Primary Care Physician Organizations Speak Out In Defense Of the Patient-Physician Relationship

Thursday, May 26, 2011

Megan Moriarty
American Academy of Family Physicians
800-274-2237 ext. 5223

David B. Kinsman, APR
American College of Physicians

Nicole Grady
American Osteopathic Association
(800) 621-1773, ext. 8038 or (312) 202-8038

The organizations representing America’s primary care physicians today spoke out against proposed laws that could infringe on the patient-physician relationship.

The American Academy of Family Physicians, the American College of Physicians and the American Osteopathic Association oppose legislation that places limits on the content of information exchanged within the patient-physician relationship because of the potential harm it can cause to the patient’s and family’s health.

These organizations — that provide primary care services — represent more than 300,000 of the nation’s physicians, who must be free to have open and honest communication with patients about all aspects of health and safety.

“The AAFP believes that patient confidentiality must be protected,” said AAFP President Roland Goertz, MD, MBA. “Any proposal that seeks to intrude on these rights and place restrictions on what can be discussed jeopardizes a patient’s health and represents unwise governmental intrusion.”

A confidential relationship between patient and physician is essential for the free flow of information necessary for sound medical care. Only in a setting of trust can a patient share the private feelings and personal history that enable the physician to comprehend fully, to diagnose logically and to treat properly. If they are to provide proper care, physicians should be able to gather any information that can have an impact on the health of their patients and families.

“The American Osteopathic Association opposes any and all efforts to censor communication that occurs between patients and their physicians,” said AOA President Karen J. Nichols, DO. “Any legislation that impedes on this relationship jeopardizes the health and safety not only of our patients, but also their families.”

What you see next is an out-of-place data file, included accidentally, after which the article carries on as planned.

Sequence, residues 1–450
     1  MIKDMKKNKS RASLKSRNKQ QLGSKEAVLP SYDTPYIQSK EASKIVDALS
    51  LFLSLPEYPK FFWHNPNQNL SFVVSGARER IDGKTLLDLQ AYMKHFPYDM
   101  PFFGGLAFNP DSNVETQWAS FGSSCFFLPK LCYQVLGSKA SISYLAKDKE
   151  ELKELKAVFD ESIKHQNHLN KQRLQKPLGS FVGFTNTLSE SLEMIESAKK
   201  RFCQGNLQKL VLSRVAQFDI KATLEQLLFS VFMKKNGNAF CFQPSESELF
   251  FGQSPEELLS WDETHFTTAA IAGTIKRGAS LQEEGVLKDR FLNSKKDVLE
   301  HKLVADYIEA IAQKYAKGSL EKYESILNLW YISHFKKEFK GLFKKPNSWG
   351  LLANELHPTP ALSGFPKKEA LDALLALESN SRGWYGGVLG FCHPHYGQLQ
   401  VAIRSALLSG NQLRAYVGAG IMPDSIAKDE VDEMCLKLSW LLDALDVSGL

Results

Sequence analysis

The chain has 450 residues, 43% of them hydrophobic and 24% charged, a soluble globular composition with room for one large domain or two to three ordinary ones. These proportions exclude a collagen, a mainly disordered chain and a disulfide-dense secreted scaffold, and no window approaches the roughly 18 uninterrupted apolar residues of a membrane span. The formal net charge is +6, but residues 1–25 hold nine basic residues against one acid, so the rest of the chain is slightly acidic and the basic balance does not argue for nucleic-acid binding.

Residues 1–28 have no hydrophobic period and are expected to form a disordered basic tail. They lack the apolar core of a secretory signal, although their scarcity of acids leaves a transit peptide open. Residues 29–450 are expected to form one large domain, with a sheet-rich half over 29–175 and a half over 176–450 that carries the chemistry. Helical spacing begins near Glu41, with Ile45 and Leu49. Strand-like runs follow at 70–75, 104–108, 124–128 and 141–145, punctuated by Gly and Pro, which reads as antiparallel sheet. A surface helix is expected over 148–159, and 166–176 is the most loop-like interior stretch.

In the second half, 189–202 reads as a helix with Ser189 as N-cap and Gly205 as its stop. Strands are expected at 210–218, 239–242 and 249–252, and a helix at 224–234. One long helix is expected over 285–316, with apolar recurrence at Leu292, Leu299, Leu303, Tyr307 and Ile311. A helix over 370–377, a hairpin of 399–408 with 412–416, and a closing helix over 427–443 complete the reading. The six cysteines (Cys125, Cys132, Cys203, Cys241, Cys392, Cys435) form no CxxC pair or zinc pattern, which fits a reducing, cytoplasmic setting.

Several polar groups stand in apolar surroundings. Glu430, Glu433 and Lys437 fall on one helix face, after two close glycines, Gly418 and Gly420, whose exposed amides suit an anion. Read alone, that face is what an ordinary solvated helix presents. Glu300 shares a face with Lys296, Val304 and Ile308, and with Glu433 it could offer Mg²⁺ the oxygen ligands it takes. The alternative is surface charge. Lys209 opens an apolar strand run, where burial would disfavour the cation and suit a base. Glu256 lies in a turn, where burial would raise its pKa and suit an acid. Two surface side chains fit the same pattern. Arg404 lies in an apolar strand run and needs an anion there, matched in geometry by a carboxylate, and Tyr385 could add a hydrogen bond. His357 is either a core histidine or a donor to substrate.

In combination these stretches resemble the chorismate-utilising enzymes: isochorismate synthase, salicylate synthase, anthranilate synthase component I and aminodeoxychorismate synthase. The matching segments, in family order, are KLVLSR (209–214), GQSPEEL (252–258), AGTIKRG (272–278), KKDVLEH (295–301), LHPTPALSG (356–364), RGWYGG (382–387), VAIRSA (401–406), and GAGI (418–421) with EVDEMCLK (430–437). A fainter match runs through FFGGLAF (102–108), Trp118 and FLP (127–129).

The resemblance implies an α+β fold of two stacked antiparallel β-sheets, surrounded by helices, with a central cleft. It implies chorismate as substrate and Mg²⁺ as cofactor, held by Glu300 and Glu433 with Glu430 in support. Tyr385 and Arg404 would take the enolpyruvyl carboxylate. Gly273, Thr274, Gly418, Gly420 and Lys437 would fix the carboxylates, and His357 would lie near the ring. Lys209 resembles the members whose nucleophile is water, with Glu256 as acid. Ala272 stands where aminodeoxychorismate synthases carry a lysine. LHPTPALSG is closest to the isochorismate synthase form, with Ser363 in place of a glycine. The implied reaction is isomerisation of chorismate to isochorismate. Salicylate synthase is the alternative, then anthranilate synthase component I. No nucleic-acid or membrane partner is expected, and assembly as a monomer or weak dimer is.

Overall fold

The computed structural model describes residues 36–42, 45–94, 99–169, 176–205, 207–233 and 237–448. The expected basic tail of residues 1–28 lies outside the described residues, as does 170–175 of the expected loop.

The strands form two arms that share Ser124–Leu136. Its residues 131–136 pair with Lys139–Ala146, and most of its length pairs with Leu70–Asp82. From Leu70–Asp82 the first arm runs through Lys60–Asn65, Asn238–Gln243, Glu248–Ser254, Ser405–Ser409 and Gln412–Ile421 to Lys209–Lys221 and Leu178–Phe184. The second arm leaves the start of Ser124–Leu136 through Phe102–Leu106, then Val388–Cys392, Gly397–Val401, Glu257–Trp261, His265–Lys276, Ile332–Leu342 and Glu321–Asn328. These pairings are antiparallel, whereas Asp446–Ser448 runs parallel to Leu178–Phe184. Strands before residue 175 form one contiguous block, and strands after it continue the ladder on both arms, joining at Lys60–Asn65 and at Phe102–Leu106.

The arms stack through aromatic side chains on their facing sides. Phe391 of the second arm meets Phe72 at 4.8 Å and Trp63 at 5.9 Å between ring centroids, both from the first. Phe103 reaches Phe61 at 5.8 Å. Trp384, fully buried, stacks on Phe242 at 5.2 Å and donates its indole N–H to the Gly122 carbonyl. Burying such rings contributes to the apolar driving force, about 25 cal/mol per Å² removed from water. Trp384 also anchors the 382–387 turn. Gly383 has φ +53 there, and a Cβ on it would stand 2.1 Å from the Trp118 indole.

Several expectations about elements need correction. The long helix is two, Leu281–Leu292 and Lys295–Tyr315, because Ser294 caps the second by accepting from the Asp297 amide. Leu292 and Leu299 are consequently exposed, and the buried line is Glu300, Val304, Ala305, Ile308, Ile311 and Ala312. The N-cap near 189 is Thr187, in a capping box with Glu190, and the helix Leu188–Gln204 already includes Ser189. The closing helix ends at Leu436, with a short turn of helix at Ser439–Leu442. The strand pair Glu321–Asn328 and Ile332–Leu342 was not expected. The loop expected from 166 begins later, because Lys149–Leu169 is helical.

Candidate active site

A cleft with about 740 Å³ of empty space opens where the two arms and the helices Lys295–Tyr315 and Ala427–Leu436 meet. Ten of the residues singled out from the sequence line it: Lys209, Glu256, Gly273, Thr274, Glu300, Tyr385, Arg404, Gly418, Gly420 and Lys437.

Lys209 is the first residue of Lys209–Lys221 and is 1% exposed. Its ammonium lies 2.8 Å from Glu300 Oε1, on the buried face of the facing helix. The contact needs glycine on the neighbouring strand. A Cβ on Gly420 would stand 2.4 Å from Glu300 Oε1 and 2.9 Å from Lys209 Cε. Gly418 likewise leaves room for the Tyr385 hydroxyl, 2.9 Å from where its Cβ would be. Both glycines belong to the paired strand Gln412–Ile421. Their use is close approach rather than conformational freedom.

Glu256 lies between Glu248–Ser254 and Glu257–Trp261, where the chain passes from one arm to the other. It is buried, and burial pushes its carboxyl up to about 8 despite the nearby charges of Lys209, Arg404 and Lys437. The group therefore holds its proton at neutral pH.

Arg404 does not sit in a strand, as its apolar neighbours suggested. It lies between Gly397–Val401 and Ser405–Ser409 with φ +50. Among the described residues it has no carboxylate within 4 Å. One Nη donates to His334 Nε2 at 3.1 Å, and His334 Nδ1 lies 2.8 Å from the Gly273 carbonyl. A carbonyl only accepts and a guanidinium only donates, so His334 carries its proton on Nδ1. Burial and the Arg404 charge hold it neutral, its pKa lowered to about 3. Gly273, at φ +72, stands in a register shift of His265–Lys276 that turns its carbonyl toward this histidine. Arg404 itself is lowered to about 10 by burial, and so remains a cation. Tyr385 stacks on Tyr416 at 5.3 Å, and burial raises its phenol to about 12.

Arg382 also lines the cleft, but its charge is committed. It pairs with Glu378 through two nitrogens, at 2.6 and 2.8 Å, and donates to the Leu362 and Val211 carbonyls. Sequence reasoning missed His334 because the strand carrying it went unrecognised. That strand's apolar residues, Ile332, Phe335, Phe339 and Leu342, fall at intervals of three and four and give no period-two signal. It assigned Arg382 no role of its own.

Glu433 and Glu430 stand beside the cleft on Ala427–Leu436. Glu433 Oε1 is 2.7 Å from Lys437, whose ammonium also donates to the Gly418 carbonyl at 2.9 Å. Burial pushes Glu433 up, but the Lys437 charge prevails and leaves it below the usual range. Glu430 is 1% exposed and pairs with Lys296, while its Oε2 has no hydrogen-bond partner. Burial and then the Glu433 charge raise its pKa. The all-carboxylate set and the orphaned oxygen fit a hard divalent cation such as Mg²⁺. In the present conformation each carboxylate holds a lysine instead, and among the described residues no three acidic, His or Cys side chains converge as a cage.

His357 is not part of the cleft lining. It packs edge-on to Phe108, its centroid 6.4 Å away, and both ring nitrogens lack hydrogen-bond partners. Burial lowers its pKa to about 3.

Safety and injury prevention are crucial components of preventive medical care. Primary care physicians can help improve the health of the American public by providing accurate and meaningful patient education. The AAFP, ACP and AOA have long standing policies on the need to provide patient education, particularly when guns are present in the home.

Proposed legislation in Florida and a number of other states could limit physicians from asking their patients about firearm ownership and prevent the discussion of their safe storage and handling.

Firearms education of both adults and children has been shown to decrease the likelihood of unintentional injury or death. The presence of firearms in the home, when improperly stored, can present a health danger to patients and others. 

“On this particular issue, ACP’s policy encourages physicians ‘to inform patients about the dangers of keeping firearms, particularly handguns, in the home and to advise them on ways to reduce the risk of injury,’” said ACP President Virginia L. Hood, MBBS, MPH, FACP. “However, this issue is much bigger than guns, it is about whether the government or any other body should be allowed to tell physicians what they can and can’t discuss with their patients.”

About the American Academy of Family Physicians
Founded in 1947, the AAFP represents 115,900 physicians and medical students nationwide. It is the only medical society devoted solely to primary care. Approximately one in four of all office visits are made to family physicians. Family medicine’s cornerstone is an ongoing, personal patient-physician relationship focused on integrated care. To learn more about the specialty of family medicine, the AAFP's positions on issues and clinical care, and for downloadable multi-media highlighting family medicine, visit

American College of Physicians
The American College of Physicians ( is the largest medical specialty organization and the second-largest physician group in the United States. ACP members include 130,000 internal medicine physicians (internists), related subspecialists, and medical students. Internists specialize in the prevention, detection, and treatment of illness in adults. Follow ACP on Twitter ( and Facebook (

About the American Osteopathic Association
The American Osteopathic Association (AOA) proudly represents its professional family of more than 70,000 osteopathic physicians (DOs); promotes public health; encourages scientific research; serves as the primary certifying body for DOs; is the accrediting agency for osteopathic medical schools; and has federal authority to accredit hospitals and other health care facilities. More information on DOs/osteopathic medicine can be found at